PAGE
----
The purpose of this information to allow a receiver to decide
  whether any of the available alternatives are preferable, or likely
  to be preferable, to the default message data provided.

  Not every available alternative is required to be described in this
  way, but the sender should include enough information to allow a
  receiver to determine whether or not it can expect more useful
  message data if it chooses to indicate a preference for some
  alternative that matches its capabilities.

       NOTE: the sender is not necessarily expected to describe
       every single alternative format that is avalable --
       indeed, in cases where content is generated on-the-fly
       rather than simply selected from an enumeration of
       possibilities, this may be infeasible.  The sender is
       expected to use one or more 'Content-alternative' headers
       to reasonably indicate the range of alternative formats
       avalable.

       The final format actually sent will always be selected by
       the sender, based on the receiver's capabilities.  The
       'Content-alternative' headers are provided here simply to
       allow the receiver to make a reasonable decision about
       whether to request an alternative format that better
       matches its capabilities.









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       ALSO NOTE: this header is intended to be usable
       independently of the MDN extension that indicates the
       sender is prepared to send alternative formats.  It might
       be used with some completely different content
       negototiation protocol that is nothing to do with e-mail
       or MDN.

       Thus, the 'Content-alternative' header provides
       information about alternative data formats without
       actually indicating if and how they might be obtained.

       Further, the 'Content-alternative' header applies to a
       MIME body part, where the MDN 'Alternative-available'
       option applies to the message as a whole.

  The example sections of this memo shows how the 'Content-features:'
  and 'Content-alternative:' MIME headers may be used to describe the
  content provided and available alternatives.

  [[[Q-factor values, per RFC 2533, in the 'Content-alternative:'
  expressions might be used to distinguish between "definitive" and
  "approximate" alternatives.]]]

  [[[Expiration time on alternatives list.  Else recipient is in non-
  deterministic position.  Also, cache control on recipient
  capabilities?]]]

3.2 Receiver options

  A negotiation-aware system receiving message data without an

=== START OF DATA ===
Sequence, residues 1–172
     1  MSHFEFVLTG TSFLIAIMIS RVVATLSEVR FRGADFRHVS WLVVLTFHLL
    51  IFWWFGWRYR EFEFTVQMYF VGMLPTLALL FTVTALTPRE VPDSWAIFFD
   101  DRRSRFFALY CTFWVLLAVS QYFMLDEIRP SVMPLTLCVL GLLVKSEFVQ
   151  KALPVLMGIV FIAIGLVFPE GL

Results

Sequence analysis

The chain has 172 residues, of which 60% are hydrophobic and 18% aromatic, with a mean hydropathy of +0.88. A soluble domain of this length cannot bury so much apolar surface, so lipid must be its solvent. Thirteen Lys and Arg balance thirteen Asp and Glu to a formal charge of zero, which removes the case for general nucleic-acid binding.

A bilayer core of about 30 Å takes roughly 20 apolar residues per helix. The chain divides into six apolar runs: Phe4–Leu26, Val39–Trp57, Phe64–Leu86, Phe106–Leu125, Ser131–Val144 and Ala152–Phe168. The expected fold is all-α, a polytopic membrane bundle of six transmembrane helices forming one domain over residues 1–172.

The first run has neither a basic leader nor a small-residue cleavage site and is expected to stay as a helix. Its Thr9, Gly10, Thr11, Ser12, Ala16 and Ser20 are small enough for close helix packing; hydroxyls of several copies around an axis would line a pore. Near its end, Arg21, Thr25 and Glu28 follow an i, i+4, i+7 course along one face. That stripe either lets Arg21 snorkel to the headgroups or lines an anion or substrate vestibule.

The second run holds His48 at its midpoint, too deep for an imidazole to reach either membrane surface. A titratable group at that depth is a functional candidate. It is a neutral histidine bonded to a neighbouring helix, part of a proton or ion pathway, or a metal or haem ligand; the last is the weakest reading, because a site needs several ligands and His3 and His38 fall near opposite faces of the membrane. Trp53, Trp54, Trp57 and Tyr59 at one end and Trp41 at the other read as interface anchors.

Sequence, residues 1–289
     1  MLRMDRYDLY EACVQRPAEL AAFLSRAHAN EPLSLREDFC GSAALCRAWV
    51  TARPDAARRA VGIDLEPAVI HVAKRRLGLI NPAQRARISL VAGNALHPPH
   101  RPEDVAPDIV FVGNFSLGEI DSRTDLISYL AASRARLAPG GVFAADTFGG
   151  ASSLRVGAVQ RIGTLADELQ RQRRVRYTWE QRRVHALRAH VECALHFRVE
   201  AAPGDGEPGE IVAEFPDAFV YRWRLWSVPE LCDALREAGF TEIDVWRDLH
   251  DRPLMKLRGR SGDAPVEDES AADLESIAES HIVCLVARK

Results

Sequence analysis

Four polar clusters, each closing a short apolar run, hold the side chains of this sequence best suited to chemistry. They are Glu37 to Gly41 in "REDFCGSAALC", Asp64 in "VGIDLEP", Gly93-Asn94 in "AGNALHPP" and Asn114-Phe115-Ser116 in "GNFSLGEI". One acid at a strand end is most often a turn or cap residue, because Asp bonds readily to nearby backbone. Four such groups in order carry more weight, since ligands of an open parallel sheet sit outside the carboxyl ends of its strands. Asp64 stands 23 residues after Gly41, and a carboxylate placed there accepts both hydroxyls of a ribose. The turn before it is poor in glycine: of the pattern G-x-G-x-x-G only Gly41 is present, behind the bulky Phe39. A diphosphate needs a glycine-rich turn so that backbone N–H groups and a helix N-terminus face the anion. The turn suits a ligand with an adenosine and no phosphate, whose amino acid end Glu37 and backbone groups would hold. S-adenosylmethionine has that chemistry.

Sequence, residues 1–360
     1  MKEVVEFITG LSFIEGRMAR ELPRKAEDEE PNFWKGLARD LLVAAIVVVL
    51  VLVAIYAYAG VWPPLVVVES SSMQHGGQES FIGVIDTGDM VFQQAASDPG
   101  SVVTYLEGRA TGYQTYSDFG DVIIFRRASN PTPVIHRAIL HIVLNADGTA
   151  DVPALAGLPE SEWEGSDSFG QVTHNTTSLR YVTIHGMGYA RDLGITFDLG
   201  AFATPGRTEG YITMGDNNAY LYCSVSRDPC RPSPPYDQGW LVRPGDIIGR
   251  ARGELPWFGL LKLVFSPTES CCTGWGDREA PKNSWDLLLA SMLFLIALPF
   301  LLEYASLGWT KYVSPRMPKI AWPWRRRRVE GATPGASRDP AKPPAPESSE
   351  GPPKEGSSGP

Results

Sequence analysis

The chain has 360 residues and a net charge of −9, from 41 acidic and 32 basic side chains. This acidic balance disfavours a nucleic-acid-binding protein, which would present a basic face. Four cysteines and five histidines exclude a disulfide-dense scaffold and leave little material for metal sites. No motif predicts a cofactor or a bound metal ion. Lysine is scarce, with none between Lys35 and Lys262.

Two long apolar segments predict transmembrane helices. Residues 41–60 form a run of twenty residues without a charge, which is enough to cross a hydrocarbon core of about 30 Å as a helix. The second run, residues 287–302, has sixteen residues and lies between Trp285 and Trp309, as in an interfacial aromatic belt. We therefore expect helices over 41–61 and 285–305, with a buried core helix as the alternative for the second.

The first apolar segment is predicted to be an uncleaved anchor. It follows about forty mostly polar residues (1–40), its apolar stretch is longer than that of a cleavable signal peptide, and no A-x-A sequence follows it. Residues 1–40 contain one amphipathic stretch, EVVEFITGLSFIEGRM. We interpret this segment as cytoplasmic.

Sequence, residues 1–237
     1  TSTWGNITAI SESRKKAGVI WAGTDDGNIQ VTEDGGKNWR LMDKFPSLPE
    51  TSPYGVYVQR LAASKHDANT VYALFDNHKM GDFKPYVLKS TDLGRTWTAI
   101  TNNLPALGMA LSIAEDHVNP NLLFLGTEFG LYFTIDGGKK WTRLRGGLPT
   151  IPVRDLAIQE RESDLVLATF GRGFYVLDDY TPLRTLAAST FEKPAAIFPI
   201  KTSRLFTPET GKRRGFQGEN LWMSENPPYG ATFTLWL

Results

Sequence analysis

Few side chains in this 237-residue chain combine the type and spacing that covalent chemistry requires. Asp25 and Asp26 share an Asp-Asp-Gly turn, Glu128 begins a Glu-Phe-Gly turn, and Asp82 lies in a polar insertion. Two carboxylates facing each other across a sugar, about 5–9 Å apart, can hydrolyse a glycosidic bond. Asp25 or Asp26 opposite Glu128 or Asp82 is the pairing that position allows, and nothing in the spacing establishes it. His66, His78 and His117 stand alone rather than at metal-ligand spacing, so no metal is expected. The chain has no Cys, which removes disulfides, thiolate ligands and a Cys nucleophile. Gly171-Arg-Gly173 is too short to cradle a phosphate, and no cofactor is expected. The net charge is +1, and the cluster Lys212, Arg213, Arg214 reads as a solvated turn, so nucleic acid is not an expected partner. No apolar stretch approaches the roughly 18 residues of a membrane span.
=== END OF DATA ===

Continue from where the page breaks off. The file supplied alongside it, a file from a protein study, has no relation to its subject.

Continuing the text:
indication of alternative data formats MUST process that message in
  the same way as a standard Internet fax system or e-mail user
  agent.

  Given an indication of alternative data format options, the
  receiver has three primary options:

  (a)  do not recognize the alternatives:  passively accept what is
       provided,

  (b)  do not prefer the alternatives:  actively accept what is
       provided, or

  (c)  prefer some alternative format.











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3.2.1 Alternatives not recognized

  This corresponds to the case that the receiver is a simple mode
  Internet fax recipient [12], or a traditional e-mail user agent.

  The receiver does not recognize the alternatives offered, or
  chooses not to recognize them, and simply accepts the data as sent.
  A standard MDN response [4] or an extended MDN response [2] MAY be
  generated at the receiver's option.

3.2.2 Alternative not desired

  The receiver does recognize the alternatives offered, but
  specifically chooses to accept the data originally offered.  An MDN
  response SHOULD be sent indicating acceptance of the data and also
  containing the receiver's capabilities.

  This is similar to the defined behaviour of an Extended Internet
  Fax receiver [1,2].

3.2.3 Alternative preferred

  This case extends the behaviour of Extended Internet Fax [1,2] to
  allow an alternative form of data for the current message to be
  transferred.  This option may be followed ONLY if the original
  message contains an 'Alternative-available' MDN option (alternative
  data resends may not use this option).

  The receiver recognizes that alternative data is available, and
  based on the information provided determines that an alternative